Direct grilling is great for fast cooking, and works best with smaller portions of food.

Direct cooking means that you place the food directly over the fire. It is a faster cooking method because more intense heat is provided and allows for browning on the outside of foods. This method of grilling works well for foods that require short cooking times such as burgers and/or foods with a low fat content, such as well-trimmed steaks and chops. The food product must be turned during grilling to cook on both sides.

Fire is the beginning of cooking. Before you can master grilling you must first master fire. Knowing how to put together a good cooking fire is a skill you will always be glad you learned. One of the keys to good grilling is an even fire. The only variations in heat should be the ones you plan for. Randomly spreading hot coals in your charcoal grill will make a series of hot and cool spots. Even distribution of coals reduces this variation to a minimum. This is important to get even grilling, especially if you have a large amount of food on the grill.

Once you have mastered even heating its time to step up to the professional level. Chefs like to have controlled temperature variation, meaning a hot area and a not so hot area. In grilling we call this a two level fire. If you imaging a dual burner gas grill set one burner on high and the other on medium. The advantage of this is that you have an area to sear foods and an area to cook them through. In a charcoal “Grill On The Go™” you will want to set up half your fire grate in a single layer of coals and the other half in two or three layers of coals. This will give you the hot and medium areas to do you cooking. This method is also good if you are cooking different types of foods. For instance if you were grilling up some steak and vegetables, you could sear the steak over the high heat and cook the vegetables over the lower heat. Once you have mastered the two level fires you will definitely see the advantages.

The last thing to consider when building a fire is hardwood. If you want to add wood chips to your fire it’s best to have a place to do that. With “Grill On The Go™” you need to use moistened wood chips spread out over the coals; they will smoke but not burn away quickly.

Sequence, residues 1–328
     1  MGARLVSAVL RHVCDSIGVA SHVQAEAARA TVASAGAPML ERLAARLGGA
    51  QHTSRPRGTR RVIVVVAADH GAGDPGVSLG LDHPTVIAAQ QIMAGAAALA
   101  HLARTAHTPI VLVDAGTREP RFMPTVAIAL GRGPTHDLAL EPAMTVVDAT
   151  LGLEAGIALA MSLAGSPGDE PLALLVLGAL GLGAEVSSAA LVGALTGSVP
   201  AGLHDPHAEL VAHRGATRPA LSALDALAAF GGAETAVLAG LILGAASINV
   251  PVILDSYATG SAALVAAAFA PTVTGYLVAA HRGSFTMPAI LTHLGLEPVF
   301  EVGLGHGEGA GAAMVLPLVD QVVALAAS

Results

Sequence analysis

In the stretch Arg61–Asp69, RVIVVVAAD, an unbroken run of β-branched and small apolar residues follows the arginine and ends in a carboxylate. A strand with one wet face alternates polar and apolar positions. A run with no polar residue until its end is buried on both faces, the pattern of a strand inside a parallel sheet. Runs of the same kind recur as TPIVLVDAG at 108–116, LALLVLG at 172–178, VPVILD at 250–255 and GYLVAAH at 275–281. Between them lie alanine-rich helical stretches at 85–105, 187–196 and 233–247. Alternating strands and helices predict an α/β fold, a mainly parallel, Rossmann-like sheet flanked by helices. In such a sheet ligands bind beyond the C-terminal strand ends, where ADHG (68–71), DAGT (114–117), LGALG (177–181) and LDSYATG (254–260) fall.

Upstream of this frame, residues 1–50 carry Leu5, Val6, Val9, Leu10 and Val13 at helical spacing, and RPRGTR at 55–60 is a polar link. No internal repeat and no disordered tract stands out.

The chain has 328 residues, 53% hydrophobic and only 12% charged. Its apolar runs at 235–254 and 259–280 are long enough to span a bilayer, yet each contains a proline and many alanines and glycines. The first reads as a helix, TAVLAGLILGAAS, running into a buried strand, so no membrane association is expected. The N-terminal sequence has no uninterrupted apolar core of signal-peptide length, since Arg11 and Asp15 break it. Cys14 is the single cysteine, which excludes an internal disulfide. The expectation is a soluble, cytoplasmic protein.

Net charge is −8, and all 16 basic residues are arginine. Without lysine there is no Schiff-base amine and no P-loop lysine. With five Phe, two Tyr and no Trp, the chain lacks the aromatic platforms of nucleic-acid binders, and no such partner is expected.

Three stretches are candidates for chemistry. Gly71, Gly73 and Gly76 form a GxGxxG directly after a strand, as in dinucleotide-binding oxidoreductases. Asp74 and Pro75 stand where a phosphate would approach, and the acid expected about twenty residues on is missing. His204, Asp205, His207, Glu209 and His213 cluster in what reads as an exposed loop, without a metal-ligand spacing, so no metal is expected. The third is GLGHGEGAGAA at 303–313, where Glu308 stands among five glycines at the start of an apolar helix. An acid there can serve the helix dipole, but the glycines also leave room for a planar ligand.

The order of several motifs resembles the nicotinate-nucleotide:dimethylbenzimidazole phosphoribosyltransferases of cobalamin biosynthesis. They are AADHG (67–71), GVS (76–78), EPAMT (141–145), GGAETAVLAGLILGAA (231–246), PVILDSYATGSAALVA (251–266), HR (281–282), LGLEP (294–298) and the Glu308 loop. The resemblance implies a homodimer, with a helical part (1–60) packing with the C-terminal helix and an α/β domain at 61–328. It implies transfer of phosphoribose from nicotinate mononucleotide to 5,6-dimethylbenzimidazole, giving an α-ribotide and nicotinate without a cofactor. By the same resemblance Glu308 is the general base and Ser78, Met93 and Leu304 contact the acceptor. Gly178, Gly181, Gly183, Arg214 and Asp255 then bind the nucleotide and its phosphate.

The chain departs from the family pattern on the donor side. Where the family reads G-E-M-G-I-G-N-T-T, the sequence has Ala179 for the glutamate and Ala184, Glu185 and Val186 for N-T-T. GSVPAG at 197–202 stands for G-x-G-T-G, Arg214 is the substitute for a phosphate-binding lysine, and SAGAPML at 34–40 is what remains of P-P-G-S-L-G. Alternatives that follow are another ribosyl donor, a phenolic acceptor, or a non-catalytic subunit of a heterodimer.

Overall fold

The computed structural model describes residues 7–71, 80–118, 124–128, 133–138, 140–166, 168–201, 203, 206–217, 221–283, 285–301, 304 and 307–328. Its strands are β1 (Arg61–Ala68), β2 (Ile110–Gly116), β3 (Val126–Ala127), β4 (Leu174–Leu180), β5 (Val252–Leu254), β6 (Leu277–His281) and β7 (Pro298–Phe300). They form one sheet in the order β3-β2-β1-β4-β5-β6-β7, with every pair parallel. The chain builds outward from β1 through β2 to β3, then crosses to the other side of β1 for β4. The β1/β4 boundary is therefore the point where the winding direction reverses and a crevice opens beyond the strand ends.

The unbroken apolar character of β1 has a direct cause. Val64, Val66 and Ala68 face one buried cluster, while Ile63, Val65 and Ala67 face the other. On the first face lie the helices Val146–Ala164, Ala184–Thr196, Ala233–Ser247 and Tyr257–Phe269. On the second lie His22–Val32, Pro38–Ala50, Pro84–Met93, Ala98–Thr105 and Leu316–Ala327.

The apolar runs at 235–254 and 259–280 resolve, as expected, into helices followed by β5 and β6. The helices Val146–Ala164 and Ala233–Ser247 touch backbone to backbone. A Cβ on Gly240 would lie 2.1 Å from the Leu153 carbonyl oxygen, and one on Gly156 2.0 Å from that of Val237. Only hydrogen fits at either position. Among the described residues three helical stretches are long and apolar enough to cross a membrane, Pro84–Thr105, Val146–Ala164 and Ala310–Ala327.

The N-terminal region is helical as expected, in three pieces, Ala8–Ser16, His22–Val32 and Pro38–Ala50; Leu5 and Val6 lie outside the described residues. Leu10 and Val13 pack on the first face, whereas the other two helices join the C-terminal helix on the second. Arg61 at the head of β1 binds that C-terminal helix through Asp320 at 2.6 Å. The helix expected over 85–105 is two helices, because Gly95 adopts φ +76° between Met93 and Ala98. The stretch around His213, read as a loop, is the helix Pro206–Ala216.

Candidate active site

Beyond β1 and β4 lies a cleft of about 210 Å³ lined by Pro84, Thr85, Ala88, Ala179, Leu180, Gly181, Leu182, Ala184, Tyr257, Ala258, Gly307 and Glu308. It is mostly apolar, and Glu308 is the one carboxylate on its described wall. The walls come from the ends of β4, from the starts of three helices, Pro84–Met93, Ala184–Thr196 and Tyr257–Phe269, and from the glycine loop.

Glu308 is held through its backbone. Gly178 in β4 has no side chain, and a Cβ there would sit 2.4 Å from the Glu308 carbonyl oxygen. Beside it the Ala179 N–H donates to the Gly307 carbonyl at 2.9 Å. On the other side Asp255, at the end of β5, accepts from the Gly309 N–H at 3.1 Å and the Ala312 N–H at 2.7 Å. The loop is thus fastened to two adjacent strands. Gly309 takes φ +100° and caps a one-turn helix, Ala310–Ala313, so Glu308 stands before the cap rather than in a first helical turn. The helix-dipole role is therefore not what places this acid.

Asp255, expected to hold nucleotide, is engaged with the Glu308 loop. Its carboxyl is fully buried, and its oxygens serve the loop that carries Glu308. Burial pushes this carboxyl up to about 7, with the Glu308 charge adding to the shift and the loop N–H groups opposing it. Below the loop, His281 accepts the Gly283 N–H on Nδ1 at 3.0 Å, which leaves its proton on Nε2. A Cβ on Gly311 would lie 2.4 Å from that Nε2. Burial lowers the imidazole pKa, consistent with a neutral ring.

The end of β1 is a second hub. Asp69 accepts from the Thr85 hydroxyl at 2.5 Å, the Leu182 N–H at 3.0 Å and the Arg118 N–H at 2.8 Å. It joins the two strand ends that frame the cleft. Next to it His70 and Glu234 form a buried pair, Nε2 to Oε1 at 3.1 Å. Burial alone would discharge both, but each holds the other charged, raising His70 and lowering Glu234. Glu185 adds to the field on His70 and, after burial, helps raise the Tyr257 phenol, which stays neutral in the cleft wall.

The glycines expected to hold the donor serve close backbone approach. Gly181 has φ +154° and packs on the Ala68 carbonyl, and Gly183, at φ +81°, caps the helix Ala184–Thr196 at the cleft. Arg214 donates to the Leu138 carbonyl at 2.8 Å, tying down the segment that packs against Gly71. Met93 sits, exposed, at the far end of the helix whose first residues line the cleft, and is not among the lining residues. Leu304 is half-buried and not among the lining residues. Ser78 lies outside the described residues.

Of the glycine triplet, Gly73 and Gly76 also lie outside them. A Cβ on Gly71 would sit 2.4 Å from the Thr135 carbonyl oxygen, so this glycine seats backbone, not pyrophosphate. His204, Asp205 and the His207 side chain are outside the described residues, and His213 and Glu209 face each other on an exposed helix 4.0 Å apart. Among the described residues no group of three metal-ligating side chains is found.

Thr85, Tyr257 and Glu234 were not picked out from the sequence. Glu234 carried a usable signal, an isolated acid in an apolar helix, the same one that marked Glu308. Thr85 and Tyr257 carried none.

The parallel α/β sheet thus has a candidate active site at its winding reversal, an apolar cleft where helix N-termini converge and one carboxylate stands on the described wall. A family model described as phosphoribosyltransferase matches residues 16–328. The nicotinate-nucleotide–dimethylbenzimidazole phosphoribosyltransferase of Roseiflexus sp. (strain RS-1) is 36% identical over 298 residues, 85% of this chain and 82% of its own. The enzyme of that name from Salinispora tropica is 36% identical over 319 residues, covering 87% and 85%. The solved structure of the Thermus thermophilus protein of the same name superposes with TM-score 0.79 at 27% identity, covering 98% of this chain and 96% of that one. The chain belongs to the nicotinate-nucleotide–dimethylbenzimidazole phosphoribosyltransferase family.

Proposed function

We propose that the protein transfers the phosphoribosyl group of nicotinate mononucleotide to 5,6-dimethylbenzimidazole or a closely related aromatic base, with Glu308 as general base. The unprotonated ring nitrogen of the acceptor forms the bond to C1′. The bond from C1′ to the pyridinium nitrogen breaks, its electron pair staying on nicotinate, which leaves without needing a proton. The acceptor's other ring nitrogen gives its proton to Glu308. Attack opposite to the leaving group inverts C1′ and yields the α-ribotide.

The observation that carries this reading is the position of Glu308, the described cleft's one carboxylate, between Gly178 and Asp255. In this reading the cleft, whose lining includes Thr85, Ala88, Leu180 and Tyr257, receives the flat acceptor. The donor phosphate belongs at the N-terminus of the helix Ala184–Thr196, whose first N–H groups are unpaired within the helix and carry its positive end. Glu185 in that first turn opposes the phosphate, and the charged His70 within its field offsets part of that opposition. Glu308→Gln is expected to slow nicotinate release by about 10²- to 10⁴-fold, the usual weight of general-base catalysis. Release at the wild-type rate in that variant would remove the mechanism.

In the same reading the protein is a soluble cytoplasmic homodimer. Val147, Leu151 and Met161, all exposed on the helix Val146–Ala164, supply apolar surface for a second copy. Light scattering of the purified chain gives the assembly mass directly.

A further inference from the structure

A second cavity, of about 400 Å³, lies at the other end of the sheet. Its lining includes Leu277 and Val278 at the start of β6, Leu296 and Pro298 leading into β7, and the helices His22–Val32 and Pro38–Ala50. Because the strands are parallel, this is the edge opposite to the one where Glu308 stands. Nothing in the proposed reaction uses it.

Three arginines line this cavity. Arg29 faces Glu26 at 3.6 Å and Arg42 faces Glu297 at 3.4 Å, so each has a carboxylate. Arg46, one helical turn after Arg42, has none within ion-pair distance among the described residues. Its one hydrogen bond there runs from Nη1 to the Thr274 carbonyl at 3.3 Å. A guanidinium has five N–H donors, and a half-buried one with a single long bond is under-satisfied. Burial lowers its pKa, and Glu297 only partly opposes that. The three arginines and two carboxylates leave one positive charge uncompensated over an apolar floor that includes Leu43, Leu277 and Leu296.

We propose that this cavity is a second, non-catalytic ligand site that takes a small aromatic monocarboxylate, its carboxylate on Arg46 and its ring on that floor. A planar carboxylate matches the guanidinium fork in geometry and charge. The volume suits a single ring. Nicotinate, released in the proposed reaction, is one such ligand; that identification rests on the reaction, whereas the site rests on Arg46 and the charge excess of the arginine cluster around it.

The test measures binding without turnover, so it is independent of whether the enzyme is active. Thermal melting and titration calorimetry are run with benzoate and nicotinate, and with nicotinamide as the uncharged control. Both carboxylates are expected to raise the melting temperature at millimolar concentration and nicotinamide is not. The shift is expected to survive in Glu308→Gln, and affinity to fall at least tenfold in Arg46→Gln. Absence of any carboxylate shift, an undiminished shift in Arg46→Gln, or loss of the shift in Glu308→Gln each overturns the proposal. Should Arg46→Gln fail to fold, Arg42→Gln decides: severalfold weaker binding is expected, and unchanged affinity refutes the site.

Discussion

Arranging Coals for Grilling

Try one of these set-ups for direct grilling

For direct grilling, arrange coals by using long-handled tongs to spread them evenly in a single layer. Extend them about 1 inch beyond area of the food.

  • TIP: Never use a cheap charcoal. Many of the cheap charcoals are made with sawdust and glues. They simply just don’t do anything for your flavor but make it worse. Always be sure your charcoal is made with a hardwood.
  • TIP: When using charcoal lighter fluid to start your fire make sure the coals have burnt the lighter fluid off or turned gray. Also, don’t use the charcoal briquettes that have added starter fluid built into them, as they seem to leave a nasty taste in the product.

Grilling and Smoking Meat, Poultry, Fish, and Seafood

Trim excess fat from meat. Rinse fish or seafood; pat dry with paper towels. If grilling poultry, fish, or seafood, lightly grease the rack of the grill or lightly coat with cooking spray. Preheat the grill to the desired temperature. Place your meat, poultry, fish, or seafood on the grill rack. For fish fillets, tuck under any thin edges. Grill for the time given below or until done. All timings are based on a medium coal temperature for direct grilling (350- 400 degrees) and low and slow smoking of (200-225) degrees.

Cut or Type

Thickness, Weight, or Size


Direct Grilling Time (minutes)

Smoking Time (hours)



Boneless rib eye, tenderloin, or top sirloin steak

1-1 1/2 inches

Medium Rare Medium

14 -18 18- 22

2-3 3-4

Boneless sirloin steak

1-1 1/2 inches

Medium rare Medium

14 –18 18 – 22

2- 2 1/2

Flank steak Brisket

1⁄2 inches 10-12 pounds

Medium Well

12 – 14

1 8-10

T-bone or porterhouse steak

1-1 1/2 inches

Medium rare Medium

8 – 12 12 – 15

1–2 2-3

Ground meat patties

1⁄2-3⁄4 inches

No longer pink

14 – 18




Rib or loin chop

1-1&1/2 inches

Medium rare Medium

10 – 14 14 – 16

2 –3 3- 4



Boneless loin

1-1 1/2 inches

Medium well

10 – 15

3 -4

Shoulder or Butt

5-8 pounds




Iowa Chop

1 1/2 inches

Medium well

18 – 25


Americas cut or boneless chop Loin back ribs

1 1/2 inches
1 3/4 -2 pounds

Medium well Well

15 – 18

2-2 1/2 31/2 – 4



Chicken breast

4-5 ounces

Tender and no longer pink

10 –15


1⁄2 chickens whole chickens

1 1/2 pounds 3 pounds

Tender and no longer pink

20-25 30-35

2-3 3-3 1/2

Turkey breast

1⁄2 inch

Tender no pink

12 – 15


Whole turkey skinless

12-18 pounds

Tender no pink





Fillet or steaks

1⁄2 -1 inch


4-6 per 1⁄2 inch thickness